Franz Schubert's "Unfinished" Symphony has always been a beautiful mystery. The themes, sorrowful and transcendent in a way only Schubert can be, always made listeners wish there were more than two movements -- which is all that remained of the work when Schubert died, tragically, when he was just 31 years old.
Did Schubert intend to make the music into a traditional, four-movement symphony? Sketches suggest to scholars that he did. This weekend, the Buffalo Philharmonic Orchestra and Music Director JoAnn Falletta will be presenting a completed version set forth by Schubert scholar Brian Newbould and conductor Mario Venzago. Schubert fans will be especially intrigued by the last movement, drawn from the master's music for "Rosamunde."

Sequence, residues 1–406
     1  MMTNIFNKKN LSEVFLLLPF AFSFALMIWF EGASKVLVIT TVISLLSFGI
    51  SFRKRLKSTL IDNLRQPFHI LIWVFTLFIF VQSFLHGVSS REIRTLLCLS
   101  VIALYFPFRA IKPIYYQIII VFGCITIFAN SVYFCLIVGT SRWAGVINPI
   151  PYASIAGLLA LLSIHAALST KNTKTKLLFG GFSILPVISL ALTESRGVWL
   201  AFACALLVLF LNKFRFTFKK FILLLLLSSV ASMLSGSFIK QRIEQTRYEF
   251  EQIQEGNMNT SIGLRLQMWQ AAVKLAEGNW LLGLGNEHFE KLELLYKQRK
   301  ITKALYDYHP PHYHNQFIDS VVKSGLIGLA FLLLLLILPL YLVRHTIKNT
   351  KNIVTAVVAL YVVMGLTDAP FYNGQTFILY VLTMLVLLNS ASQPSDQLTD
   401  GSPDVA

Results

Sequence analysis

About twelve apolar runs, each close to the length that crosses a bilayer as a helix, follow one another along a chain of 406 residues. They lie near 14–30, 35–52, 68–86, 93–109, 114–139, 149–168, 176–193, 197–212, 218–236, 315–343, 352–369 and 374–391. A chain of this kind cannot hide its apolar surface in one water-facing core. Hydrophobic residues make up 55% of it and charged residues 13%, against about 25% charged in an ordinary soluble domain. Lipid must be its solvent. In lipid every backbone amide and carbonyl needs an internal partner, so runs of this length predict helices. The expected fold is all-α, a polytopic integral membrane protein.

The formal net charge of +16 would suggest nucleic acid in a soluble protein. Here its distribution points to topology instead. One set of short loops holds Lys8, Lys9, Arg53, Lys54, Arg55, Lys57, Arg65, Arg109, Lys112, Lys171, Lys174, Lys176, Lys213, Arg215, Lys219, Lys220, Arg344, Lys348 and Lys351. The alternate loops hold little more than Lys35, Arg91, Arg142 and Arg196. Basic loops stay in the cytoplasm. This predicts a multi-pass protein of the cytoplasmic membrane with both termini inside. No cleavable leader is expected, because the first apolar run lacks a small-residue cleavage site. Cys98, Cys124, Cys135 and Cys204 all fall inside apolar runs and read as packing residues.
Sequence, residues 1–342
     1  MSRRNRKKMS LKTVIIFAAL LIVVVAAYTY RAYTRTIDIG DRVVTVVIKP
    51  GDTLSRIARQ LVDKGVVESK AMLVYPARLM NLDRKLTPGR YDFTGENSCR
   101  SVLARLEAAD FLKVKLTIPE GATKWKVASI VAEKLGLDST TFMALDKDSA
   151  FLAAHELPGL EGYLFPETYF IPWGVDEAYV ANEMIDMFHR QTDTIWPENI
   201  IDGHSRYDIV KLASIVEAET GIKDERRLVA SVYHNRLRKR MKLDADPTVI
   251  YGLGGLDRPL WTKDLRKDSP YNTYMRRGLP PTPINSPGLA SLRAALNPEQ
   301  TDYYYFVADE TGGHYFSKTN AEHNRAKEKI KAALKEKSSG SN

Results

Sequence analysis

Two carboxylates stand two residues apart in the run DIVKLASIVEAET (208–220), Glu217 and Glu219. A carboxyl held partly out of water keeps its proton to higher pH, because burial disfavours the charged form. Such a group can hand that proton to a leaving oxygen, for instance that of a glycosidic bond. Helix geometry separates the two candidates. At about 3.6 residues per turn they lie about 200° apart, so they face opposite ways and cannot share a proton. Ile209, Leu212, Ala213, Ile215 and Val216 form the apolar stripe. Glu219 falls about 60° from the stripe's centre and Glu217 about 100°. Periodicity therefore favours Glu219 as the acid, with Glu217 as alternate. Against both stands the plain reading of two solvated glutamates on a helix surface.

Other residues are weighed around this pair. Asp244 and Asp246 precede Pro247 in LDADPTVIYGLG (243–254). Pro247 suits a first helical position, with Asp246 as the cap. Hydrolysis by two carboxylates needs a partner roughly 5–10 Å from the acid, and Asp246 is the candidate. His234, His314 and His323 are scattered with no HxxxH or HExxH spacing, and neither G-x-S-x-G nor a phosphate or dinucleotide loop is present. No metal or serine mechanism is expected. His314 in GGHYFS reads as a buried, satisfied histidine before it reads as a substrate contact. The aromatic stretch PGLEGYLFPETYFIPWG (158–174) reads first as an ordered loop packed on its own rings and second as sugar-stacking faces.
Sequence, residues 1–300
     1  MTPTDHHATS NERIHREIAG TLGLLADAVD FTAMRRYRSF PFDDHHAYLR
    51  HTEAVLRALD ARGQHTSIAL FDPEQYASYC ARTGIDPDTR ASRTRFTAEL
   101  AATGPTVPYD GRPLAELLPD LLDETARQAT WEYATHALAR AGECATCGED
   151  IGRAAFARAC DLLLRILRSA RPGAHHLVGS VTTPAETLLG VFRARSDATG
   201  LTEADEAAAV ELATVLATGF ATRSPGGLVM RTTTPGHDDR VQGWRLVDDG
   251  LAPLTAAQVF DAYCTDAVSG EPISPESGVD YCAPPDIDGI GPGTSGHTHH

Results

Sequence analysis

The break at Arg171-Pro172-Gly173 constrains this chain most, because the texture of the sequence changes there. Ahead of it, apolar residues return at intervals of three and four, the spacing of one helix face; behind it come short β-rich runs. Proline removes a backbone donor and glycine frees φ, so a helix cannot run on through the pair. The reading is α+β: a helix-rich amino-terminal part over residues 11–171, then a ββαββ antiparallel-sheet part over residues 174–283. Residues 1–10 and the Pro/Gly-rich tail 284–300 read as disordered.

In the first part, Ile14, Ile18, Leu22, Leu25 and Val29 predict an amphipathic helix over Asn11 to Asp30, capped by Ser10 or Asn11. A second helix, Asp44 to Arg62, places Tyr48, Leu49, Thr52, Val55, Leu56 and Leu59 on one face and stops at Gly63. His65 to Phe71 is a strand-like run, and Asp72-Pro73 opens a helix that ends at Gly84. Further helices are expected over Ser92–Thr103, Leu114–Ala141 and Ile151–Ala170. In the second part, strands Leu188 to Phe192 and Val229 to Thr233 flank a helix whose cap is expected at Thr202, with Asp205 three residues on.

Also on the program is the orchestral arrangement of Schubert's famous "Death and the Maiden" Quartet. The piece draws its name from the slow movement, which Schubert based on his haunting song "Death and the Maiden." In the song, a girl confronting Death pleads that the specter pass her by. Death reassures her with a stately, strangely comforting melody. The quartet, and the symphonic arrangement, features only Death's theme. As a whole, the work is a masterpiece of emotion, darkness and, at the same time, utter loveliness.Bring cough drops, because this weekend's performances will be recorded for future commercial use.
The concerts take place in Kleinhans Music Hall at 10:15 a.m. today, 8 p.m. Saturday and 2:30 p.m. Sunday. For information, call 885-5000.
-- Mary Kunz Goldman